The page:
One of De Smet's longest explorations began in August 1845 in the region west of the Rockies that was jointly occupied by the Americans, who called it Oregon Country, and the British, who identified it as Columbia District. De Smet started from Lake Pend Oreille in present-day north Idaho and crossed into the Kootenay River Valley. He followed the Kootenay valley north, eventually crossing over to Columbia Lake, the source of the Columbia River at Canal Flats.

He followed the upper Columbia valley north to and past Lake Windermere. At Radium Hot Springs, he turned east and went over Sinclair Pass into the Kootenay River Valley. He recrossed the Kootenay and continued along the reverse of the route pioneered by the Sinclair expedition. He followed the Cross River upstream to its headwaters at Whiteman's Pass. The Cross River was named for the large wooden cross that De Smet erected at the top of the pass, where it could be seen from miles away.

On the other side of the Great Divide was the British territory of Rupert's Land. From the crest of the pass, streams lead to Spray Lakes above present-day Canmore, Alberta, and the Spray River, which joins the Bow River near modern-day Banff, Alberta. Once in the Bow Valley, De Smet headed upstream and in a north-westerly direction to its source Bow Lake. He traveled further north until he came to the Saskatchewan River, which he followed downstream and east.

It was October, and a long cold Canadian winter was looming, when he reached Rocky Mountain House. He had fulfilled one of his main goals; to meet with the Cree, Chippewa, and Blackfoot of the area. At the end of the month, De Smet traveled further to the east to search for more Natives. Fortunate to find his way back to Rocky Mountain House, he was guided by Indians from there to Fort Edmonton, where he spent the winter of 1845-1846.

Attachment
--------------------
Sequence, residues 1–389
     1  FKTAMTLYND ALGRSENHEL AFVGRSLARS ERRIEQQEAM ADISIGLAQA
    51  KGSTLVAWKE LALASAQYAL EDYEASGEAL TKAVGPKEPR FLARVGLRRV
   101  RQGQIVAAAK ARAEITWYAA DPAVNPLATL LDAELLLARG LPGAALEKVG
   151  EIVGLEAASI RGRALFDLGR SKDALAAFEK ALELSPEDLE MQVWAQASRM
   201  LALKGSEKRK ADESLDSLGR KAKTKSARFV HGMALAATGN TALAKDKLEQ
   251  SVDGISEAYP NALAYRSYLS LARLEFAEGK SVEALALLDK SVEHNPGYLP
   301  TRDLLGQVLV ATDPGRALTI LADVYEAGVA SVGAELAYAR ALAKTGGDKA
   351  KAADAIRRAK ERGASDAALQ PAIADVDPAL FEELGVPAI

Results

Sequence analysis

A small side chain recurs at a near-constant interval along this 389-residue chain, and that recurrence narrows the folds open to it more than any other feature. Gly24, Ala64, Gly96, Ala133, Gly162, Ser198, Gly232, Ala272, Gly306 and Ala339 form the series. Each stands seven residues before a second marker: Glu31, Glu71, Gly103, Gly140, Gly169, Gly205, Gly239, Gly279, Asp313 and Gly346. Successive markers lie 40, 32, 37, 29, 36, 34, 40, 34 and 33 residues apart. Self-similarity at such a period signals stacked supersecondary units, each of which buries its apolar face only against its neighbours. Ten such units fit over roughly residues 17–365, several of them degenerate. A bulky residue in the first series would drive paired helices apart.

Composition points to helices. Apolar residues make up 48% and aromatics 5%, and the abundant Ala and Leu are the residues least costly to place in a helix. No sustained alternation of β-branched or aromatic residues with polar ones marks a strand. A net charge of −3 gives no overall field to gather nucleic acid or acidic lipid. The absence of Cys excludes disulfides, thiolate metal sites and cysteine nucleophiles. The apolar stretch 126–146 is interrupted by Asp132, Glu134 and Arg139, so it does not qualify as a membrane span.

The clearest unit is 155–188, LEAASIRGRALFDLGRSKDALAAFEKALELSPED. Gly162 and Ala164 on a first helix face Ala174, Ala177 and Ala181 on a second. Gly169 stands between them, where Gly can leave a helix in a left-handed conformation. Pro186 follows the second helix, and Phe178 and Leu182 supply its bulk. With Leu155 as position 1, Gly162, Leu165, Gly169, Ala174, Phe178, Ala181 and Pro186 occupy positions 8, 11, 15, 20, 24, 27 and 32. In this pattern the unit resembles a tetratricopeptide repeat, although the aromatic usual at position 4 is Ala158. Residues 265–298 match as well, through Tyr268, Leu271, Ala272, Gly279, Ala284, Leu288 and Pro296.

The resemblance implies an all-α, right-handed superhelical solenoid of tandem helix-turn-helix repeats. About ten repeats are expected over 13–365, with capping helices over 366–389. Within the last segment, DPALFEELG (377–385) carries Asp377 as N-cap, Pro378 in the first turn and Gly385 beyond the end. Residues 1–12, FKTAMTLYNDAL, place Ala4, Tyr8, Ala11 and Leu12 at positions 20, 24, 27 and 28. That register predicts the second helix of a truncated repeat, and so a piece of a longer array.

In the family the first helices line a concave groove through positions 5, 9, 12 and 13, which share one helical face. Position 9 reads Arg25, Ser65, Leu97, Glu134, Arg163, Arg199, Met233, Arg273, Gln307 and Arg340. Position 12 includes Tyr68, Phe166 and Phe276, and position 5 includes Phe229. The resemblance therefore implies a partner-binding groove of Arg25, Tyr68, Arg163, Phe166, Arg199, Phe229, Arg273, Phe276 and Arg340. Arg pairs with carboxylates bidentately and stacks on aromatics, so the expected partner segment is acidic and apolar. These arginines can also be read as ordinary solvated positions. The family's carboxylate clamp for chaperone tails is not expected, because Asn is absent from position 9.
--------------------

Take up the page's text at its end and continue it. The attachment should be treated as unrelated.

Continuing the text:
During these years he established St. Mary's Mission in present-day Victor, Montana, among the Flathead and Kootenay Indian tribes . He also established the mission that became the Sacred Heart Mission to the Coeur d'Alene in present-day Cataldo, Idaho.[8]

In the spring of 1846, De Smet began his return, following the established York Factory Express trade route to the Columbia District. He headed west to Jasper House, and with considerable suffering followed the route. He crossed the Great Divide by Athabaska Pass, traveling to the Canoe River, the northern-most tributary of the Columbia River, and eventually on to Fort Vancouver, some thousand miles (1600 km) to the southwest.

He returned to his mission at Sainte-Marie on the Bitterroot River.

Later years and death

Statue of Pieter-Jan de Smet in Dendermonde, Belgium

In 1854, De Smet helped establish the mission in St. Ignatius, Montana. It is located on the Flathead Indian Reservation. The current building was added to the National Register of Historic Places 100 years after his death.

In his remaining years, De Smet was active in work related to the missions which he helped establish and fund. During his career, he sailed back to Europe eight times to raise money for the missions among supporters there.

In 1868 he persuaded Sitting Bull to send a delegation to meet the U.S. peace commissioners, leading to the Treaty of Fort Laramie.